It’s complicated.

    On my phone I have downloaded the Vatican’s Truth and Life app which is in the RSV-CE. It has dramatized audio readings (with Imprimatur). I’ve never actually used what my children term “The Jesus App”…but it looks really in depth, offering bible studies and daily Mass reading, etc.

  11. Titus says:

    The NAB is a garbled mess of banality that not infrequently veers over into obscurantism. “Approved for use in the liturgy” isn’t a very high bar (and also isn’t quite accurate, since the “raw” NAB was so bad in places that Rome insisted those extracts used in the Lectionary be revised).

    One would be much better off with the Revised Standard Version Catholic Edition, which is the basis for both the Navarre Bible and Scott Hahn’s Didache Bible, or even the Douay. The Confraternity Edition, which came out on the eve of the Council (and was never finished), was nice, but is now out of print.

    As for the main topic, one imagines that the Holy See doesn’t put vernacular translations on its website to avoid (a) licensing stupidity among and betwixt the various episcopal conferences and other translation owners and (b) having to have additional fights over the desirability or appropriateness of the various translations.

  12. Titus says:

    Revision: Scott Hahn’s project is the Catholic Study Bible. The Didache Bible is a Midwest Theological Forum project. Both are derived from the RSVCE, however, I believe. Mea culpa.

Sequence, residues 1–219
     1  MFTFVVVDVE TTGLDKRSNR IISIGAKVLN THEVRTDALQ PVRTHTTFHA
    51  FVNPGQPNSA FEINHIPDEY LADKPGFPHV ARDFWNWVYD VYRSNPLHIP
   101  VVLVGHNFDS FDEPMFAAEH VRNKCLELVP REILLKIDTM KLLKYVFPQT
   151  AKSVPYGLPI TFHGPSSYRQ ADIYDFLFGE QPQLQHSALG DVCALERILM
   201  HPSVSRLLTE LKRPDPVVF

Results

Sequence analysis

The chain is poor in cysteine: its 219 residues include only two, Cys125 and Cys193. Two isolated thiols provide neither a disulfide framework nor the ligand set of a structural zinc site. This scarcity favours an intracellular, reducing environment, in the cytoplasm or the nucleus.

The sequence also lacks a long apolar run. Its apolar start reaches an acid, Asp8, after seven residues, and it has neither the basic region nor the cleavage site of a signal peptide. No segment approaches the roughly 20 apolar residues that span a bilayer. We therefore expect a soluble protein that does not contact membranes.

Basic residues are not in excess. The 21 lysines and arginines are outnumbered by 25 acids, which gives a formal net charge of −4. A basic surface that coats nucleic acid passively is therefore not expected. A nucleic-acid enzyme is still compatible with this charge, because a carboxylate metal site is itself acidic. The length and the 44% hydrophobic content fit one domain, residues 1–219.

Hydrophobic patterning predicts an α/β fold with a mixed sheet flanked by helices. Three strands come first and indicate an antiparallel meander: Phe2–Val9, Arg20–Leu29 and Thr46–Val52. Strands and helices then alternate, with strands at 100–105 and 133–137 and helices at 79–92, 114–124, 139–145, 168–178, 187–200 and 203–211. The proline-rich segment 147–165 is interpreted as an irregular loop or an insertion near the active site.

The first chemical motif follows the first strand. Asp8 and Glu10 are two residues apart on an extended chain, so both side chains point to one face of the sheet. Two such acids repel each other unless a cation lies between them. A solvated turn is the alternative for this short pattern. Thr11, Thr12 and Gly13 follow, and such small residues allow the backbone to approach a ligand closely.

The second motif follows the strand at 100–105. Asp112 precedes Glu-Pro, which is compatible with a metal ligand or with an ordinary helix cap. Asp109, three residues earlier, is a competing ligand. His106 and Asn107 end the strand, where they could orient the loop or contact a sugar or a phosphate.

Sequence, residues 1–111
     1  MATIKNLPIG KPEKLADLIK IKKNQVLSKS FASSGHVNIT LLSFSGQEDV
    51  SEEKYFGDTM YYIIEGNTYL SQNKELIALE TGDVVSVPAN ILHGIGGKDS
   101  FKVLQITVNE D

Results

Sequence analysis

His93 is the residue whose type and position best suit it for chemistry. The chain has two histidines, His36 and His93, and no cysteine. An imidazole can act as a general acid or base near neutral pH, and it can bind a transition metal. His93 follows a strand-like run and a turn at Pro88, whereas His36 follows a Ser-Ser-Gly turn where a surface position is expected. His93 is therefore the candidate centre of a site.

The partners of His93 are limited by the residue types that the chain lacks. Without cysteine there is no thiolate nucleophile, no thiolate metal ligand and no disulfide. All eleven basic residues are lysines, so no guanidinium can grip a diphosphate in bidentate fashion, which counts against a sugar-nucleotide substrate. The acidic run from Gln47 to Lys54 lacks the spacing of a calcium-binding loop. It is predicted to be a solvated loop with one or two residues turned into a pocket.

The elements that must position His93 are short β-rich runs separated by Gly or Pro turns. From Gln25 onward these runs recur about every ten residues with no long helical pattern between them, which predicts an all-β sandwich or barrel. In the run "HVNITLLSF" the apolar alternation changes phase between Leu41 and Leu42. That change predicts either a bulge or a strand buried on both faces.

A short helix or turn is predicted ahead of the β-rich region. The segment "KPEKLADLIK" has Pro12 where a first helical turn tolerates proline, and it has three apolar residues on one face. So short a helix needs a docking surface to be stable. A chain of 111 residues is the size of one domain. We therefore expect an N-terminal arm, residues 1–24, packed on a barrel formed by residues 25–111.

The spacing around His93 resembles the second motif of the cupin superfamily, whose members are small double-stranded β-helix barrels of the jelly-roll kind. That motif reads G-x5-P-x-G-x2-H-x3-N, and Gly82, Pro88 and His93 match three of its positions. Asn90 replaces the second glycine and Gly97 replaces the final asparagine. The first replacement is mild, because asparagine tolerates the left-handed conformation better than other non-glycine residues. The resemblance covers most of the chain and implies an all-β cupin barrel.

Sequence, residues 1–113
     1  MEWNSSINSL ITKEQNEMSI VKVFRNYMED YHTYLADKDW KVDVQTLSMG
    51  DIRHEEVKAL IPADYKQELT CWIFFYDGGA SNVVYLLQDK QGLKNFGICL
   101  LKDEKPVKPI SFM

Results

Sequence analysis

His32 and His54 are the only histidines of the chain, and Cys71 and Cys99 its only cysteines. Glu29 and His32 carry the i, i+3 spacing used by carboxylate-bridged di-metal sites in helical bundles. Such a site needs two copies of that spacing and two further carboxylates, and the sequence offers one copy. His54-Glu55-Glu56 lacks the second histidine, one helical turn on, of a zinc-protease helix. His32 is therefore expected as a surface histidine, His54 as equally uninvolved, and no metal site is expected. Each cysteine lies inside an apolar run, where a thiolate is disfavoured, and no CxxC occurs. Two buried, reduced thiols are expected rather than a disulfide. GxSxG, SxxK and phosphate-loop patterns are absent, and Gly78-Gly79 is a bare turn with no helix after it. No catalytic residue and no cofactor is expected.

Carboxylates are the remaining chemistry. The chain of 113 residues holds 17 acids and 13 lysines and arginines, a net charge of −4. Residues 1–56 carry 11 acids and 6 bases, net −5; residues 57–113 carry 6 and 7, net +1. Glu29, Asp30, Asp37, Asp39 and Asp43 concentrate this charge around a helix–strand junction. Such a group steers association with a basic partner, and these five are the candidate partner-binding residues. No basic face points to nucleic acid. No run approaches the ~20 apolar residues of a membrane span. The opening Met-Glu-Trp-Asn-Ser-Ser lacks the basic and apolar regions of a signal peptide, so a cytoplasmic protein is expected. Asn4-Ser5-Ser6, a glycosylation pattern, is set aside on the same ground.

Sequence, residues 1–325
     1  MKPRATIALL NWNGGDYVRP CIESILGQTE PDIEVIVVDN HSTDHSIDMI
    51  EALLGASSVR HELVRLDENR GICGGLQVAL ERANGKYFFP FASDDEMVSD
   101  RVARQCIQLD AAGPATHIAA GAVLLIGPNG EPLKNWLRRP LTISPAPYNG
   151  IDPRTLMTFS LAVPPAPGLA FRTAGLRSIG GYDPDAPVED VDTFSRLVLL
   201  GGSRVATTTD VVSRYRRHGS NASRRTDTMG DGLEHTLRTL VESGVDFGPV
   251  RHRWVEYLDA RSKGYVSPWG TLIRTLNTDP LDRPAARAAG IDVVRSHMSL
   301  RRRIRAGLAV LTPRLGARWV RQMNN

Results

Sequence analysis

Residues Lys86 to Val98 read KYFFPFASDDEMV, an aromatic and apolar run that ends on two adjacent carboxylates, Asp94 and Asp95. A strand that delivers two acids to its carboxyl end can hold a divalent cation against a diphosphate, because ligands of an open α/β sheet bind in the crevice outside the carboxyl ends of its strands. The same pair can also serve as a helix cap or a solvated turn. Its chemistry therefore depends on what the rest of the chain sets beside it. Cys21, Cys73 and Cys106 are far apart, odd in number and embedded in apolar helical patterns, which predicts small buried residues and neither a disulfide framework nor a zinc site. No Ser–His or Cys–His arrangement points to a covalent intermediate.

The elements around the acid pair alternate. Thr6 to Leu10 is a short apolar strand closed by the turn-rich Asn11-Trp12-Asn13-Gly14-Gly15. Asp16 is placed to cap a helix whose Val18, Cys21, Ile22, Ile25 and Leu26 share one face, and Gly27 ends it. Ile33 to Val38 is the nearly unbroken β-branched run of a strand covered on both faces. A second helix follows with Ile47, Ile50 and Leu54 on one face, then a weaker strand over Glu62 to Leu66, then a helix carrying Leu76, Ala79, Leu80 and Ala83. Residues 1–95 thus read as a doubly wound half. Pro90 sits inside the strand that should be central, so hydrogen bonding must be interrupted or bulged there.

13. KateD says:

    Sorry about that first paragraph…BTW what is the conversion rate between auto correct hell and Purgatory? There must be some offset, at least.

  14. Mary Ann says:

    I greatly appreciate the http://www.catholicbible.online/ site (via the generosity of Baronius Press) that includes the complete Vulgate, Douay-Rheims, and the Knox Bible—also with additional pages with all three side-by-side. The site is very easy to navigate.
    The Ronald Knox translation was reputed to be Venerable Archbishop Fulton J. Sheen favorite—and, in fact, the version he used for his “The Life of Christ”.
    For anyone that might be interested in audio, Rev. Hugh Thwaites SJ recorded some of the Knox translation of the New Testament and it is available here: http://www.proecclesia.com/talk_HTMAT.mp3 (Scroll down under “Full Audio List” to “The Spoken New Testament read by the Rev. Hugh Thwaites SJ”)
    [Quoting from the preface of Abp. Sheen, page 5, “The Life of Christ”, 1958: “Of the many translations of Scripture, we have chosen the Knox translation as best, using the Rheims Douay version only in a very few texts.”]

  15. Ivan says:

    Interestingly enough, along with the Nova Vulgata on the link you provided, I found The New American Bible on Vatican’s website through Google – http://www.vatican.va/archive/ENG0839/_INDEX.HTM – and also an Italian version (“Edizione CEI”) – http://www.vatican.va/archive/ITA0001/_INDEX.HTM

    Perhaps more versions could be found (if they were previously available).

  16. Ivan says:

    By using the Internet Archive Wayback Machine we can see how it used to look (as late as 30th of November 2016): http://web.archive.org/web/20161130214227/http://www.vatican.va/archive/bible/index_it.htm